Developments in Obesity Treatment Session, ECO 2013Wednesday, May 15, 2013
This morning, on the last day of the 20th European Congress on Obesity in Liverpool, I attended a session that looked at clinical outcomes in obesity management.
The first talk, given by Karlson from Norway looked at predictors of weight-loss outcomes in about 200 individuals undergoing a program that included several week-long in-patient stays at a rehabilitation centre over the course of a year with follow-up “maintenance” provider-patient contacts. Although the average weight loss at 12 months was only around 10 Kg, the variability in weight-loss response increased, with a substantial number of patients achieving weight loss comparable with bariatric surgery, while others regained much of the initial weight loss. In their analyses, initial weight loss, type 2 diabetes, mental health related quality of life, younger age and employment status were the strongest predictors of success. The other variable that influenced outcomes appeared to be the frequency of visits to the patients’ family doctors.
This was followed by a presentation by Nick Finer (London, UK), who reviewed the improvements in blood pressure in patients treated with the combination of phentermine and extended-release topiramate (marketed by Vivus Pharmacetuicals in the US as Qsymia®) in the CONQUER trial, a 56-week double blind placebo-controlled RCT. Overall, treated individuals experienced approximately 7 mmHg average fall in systolic blood pressure that was sustained over the year of treatment. Irrespective of hypertension status about a third of treated patients achieved a rather impressive greater than 15% weight loss. Not surprisingly, those who lost the most weight, experienced the greatest reduction in blood pressure (-10/-6 mmHg), despite reduction in blood pressure medications in a substantial number of hypertensive patients. Thus, there is no doubt that treatment with PT/TPM combination can result in substantial improvement in blood pressure control, that appear directly related to the degree of weight loss.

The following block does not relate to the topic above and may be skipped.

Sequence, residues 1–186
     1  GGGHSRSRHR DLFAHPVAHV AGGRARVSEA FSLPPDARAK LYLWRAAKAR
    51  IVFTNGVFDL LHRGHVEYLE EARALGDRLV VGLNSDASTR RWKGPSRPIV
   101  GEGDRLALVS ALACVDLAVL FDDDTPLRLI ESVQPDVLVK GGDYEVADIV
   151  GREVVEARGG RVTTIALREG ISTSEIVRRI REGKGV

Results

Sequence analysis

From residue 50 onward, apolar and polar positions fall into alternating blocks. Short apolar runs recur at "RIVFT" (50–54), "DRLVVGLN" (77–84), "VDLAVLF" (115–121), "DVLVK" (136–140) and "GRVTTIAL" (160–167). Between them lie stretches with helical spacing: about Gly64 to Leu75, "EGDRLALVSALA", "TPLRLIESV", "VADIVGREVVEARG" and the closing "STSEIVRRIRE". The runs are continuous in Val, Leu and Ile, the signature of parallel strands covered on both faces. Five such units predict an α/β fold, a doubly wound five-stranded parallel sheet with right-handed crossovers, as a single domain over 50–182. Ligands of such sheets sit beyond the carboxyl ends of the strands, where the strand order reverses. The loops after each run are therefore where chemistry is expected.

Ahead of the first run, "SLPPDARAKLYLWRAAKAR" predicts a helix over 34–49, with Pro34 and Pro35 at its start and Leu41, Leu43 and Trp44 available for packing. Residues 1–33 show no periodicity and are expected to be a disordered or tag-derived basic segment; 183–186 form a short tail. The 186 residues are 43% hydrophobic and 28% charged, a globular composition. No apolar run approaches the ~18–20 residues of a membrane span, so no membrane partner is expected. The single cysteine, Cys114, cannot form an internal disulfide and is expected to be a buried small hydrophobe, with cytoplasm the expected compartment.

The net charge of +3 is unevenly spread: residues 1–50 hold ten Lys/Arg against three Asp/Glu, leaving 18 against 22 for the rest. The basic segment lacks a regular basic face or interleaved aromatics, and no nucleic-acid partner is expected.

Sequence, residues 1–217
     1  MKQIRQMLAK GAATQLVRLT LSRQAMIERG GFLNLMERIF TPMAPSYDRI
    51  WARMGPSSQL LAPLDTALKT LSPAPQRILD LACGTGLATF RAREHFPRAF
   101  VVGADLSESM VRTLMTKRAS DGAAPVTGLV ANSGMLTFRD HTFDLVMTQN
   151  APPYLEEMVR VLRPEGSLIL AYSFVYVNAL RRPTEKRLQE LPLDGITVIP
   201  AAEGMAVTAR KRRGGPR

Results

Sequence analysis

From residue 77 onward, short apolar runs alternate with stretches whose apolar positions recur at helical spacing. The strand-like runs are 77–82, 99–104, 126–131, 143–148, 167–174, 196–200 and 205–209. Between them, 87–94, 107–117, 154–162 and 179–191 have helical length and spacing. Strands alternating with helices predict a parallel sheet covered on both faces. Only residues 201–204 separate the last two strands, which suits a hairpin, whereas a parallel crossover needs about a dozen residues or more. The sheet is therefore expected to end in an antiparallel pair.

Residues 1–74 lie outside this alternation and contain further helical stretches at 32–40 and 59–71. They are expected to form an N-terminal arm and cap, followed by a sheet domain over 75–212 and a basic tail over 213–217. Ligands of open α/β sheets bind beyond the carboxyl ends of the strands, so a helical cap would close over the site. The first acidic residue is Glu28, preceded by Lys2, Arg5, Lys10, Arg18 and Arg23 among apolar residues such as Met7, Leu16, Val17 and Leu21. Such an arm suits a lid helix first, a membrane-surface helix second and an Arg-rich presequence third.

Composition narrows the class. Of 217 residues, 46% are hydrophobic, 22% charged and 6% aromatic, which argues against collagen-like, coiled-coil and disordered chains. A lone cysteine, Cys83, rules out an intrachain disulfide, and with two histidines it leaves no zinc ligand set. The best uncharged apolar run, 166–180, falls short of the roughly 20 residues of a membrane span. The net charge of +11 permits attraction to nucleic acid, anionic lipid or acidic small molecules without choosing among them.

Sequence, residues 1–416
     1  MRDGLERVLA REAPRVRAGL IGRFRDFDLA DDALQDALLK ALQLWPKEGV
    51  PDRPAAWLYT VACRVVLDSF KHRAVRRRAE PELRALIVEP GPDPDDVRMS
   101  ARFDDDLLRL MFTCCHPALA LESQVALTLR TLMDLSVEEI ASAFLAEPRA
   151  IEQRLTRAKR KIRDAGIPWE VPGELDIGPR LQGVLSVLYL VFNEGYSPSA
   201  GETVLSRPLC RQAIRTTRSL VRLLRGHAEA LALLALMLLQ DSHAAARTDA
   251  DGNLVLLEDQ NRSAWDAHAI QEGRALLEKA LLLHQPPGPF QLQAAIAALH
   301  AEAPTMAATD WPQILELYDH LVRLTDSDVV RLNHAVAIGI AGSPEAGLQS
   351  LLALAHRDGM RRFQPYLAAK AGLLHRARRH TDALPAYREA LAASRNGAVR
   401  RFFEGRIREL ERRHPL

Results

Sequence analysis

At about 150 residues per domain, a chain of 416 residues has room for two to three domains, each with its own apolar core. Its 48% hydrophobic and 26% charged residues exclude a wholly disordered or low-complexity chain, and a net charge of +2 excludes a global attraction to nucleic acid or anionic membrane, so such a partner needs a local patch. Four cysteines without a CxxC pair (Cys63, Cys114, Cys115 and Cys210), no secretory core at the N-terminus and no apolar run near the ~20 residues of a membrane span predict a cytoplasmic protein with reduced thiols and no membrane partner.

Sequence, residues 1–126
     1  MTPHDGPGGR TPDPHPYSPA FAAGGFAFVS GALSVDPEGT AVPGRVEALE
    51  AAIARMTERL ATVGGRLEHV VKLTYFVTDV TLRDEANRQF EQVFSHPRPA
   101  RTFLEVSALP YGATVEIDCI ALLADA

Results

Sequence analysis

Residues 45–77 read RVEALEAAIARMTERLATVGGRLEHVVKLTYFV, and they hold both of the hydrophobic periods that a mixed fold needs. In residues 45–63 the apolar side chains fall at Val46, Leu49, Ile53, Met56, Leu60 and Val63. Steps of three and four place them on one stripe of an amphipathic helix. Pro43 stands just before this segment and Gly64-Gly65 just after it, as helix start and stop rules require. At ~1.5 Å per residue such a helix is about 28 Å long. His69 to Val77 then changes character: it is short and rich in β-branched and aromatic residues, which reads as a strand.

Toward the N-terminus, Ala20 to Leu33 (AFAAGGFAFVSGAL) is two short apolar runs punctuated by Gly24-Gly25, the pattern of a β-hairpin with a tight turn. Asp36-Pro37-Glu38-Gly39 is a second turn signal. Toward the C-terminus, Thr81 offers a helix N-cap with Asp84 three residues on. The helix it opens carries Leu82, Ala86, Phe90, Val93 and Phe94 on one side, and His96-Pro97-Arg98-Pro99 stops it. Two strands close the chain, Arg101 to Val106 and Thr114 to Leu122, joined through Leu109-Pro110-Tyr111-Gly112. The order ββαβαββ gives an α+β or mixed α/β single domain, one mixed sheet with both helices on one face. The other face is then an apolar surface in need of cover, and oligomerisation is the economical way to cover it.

Ed Hendricks (US) addressed the issue of whether or not phentermine is actually addictive, a notion that is largely based on similarities in molecular structure of phentermine with amphetamines. Based on a prospective observation of 72 patients treated with rather high doses of phentermine (50+ mg/d) for at least 12 months, who agreed to discontinue their phentermine for 48 hours, there was no evidence for “withdrawal” based on a modified Amphetamine Withdrawal Questionnaire, with the exception of recurrence of hunger (as one might expect). Thus, these findings do not support the notion that abrupt discontinuation following the long-term use of phentermine results in phentermine “dependency” or “addiction”.
William Shanahan, Chief Medical Officer of Arena Pharmaceuticals talked about how treatment with lorcaserin, which will become available for obesity treatment in the US in June (Belviq®), results in a significant decrease in Framingham general cardiovascular risk scores, especially in men. Again, the greatest reduction in risk scores were seen in the patients with the greatest degree of weight loss response on lorcaserin.
Kyra Sim, from the University of Sydney, Australia, described substantial cost savings of obesity treatment in women seeking fertility treatments. This prospective randomised controlled trial included 49 women willing to undergo a three-month weight-loss intervention program using VLCD for 6 weeks followed by a moderately calorie-deficit diet and exercise recommendations. Mean weight loss in the intervention group was about 7%. Fertility rates were 48% in the intervention group vs 18% in the control group – in addition, the cost of each live baby in the intervention group was about one-third in that of the control group.
Marina Reeves, from the University of Queensland, Australia, discussed the issue of substantial weight gain commonly seen in women who survive breast cancer (fortunately, an increasing proportion of women with BC). 90 women with a 1st diagnosis of stage 1-111 breast cancer were enrolled in either a behavioural intervention that involved telephone counselling aiming for a 5-10% weight loss or a usual care group. At 6 months, women in the intervention group (which had a 20% drop out rate), lost about 5% of body weight and showed some increase in moderate to vigorous physical activity, and improvements in fatigue. Overall these findings speak to the feasibility of conducting a larger prospective study to examine the impact of this intervention on longer-term outcomes in breast cancer survivors.
Disclaimer: I have previously received honoraria for consulting from both Arena and Vivus